[A map of select territories which have been impacted by a complex collision on the natural and the industrial.]

We will regularly be publishing student projects and thesis research titled Student Works that is an extension of themes related to infrastructures and networks of habitats and resources. The first is a project by Vivian Chin, a recent M.Arch graduate at University of Toronto, whose research "Convergent Species" is a study on territorial boundaries of animal and human occupation.

She distinguished between convergences that are constructive, and therefore have a political motivation, and convergences that are inadvertent, and therefore have an environmental impact.

Vivian writes:

The expansion of human territories has dramatically overlapped with animal boundaries and activities, allowing geographic, socio-economic, and cultural forces to effect mutations in behaviour. These overlaps generate two kinds of boundaries; inadvertent, and constructive. Animals that augment their habitation through symbiotic relationships with human activities exist in inadvertent boundaries. Constructive boundaries such as national borders, or conflict, generate habitations due to marginalization and opportunism. Animals which inhabit these boundaries should neither be considered domestic nor wild, but a new group which is defined by their contingency to both human and natural environment. This thesis seeks to respond to these inadvertent and constructive boundaries and question the potential of adaptation, mutualism, and co-habitation.

Radiation is absorbed by soil, vegetation, and water but is not retained by asphalt. With the concept of adaptation, asphalt as a building material suggested in the Chernobyl studies.

[A proposal for asphalt buildings and other amenities supporting new wildlife. For example, Przewalskis Horses were released in the Zone as a mutual preservation rehablitation program. The Zone of Exclusion was established shortly after 1986\'s Chernobyl disaster.]

A raised walkway platform allows visitors to extend out to the sea, occupying the minefield differently in section, as humans and penguins coexist without disturbance between the two.

[A proposal for an immersive observation infrastructure that avoids the minefield littered ground in the Falkland Islands.]

After 56 years of Cold War between North and South Korea, trains are now running between the two nation. The first voyage was made on May 17, 2007, through the DMZ. A train station and duty free shopping centre is proposed on the mid-point between North and South Korea. This train station also acts as a animal crosswalk.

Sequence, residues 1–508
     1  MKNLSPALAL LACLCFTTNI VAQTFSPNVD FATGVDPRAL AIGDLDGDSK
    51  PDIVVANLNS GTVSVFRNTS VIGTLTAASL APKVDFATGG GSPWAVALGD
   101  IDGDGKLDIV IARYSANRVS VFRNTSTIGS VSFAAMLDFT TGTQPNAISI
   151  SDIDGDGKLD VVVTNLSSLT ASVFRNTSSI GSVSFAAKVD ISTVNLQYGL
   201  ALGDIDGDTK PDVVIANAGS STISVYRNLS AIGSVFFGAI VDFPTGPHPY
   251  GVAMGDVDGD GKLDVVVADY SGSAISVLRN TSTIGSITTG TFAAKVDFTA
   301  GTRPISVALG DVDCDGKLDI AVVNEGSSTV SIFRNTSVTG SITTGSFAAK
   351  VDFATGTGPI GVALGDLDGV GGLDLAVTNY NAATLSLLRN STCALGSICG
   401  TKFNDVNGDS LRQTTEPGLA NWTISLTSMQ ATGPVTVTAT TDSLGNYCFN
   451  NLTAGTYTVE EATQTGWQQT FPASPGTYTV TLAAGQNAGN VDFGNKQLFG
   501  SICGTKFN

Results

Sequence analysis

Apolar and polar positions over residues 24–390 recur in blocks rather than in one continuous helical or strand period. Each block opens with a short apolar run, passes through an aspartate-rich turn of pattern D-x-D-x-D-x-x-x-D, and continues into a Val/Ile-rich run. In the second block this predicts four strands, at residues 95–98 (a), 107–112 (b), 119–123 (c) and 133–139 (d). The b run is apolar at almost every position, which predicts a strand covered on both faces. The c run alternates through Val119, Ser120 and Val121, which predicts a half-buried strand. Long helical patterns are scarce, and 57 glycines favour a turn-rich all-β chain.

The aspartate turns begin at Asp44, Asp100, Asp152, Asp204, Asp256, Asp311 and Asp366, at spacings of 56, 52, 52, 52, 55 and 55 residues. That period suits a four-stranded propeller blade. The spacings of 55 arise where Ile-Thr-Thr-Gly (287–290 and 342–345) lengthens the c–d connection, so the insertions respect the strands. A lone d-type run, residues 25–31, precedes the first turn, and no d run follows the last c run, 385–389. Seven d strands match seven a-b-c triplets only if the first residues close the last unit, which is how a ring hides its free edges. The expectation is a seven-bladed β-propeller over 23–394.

[A proposal for an infrastructure serving as a wildlife bridge as South and North Korea reoccupy the DMZ.]

Every winter, there are as many as 200 manatees which gather around the power plant’s warm water outfall. The highest single manatee count was 479 in the winter of 2003. New programs – hotel, spa, restaurant, and pool – are inserted into the power plant infrastructure to form convergent territories, where all habitants are mutually beneficial. These program insertions are based on power plant operation, to generate mutualistic relationships between the existing power plant and manatees with new forms and occupants.

[Swim with the local megafauna.]
[Public beach.]
[Channeling the water processes of the existing power plant for use in the newbuildings.]

If you would like to contact Vivian about her research and project, you can reach her here.


[...] Previous Student Works: Vivian Chin's Convergent Species [...]

InfraNet Lab » Blog Archive » Student Works: Büroland(wirt)schaft added these pithy words on Aug 27 08 at 10:12 am

[...] Related Post: Convergent Species [...]

InfraNet Lab » Blog Archive » Habitat Interlocks added these pithy words on Nov 22 08 at 9:36 pm

[...] kan meepikken? Fair enough…De studente architectuur Vivian Chin uit Toronto bedacht al eerder inventieve oplossingen voor gebouwen en infrastructuur in gebieden vol landmijnen en andere gevaren. Hier rechts ziet u [...]

DMZ: ecotoerisme tussen de landmijnen? - Sargasso added these pithy words on Mar 24 10 at 2:19 pm

Comments are moderated.

XHTML: You can use these tags: <a href="" title=""> <abbr title=""> <acronym title=""> <b> <blockquote cite=""> <cite> <code> <del datetime=""> <em> <i> <q cite=""> <strike> <strong>

Return to Top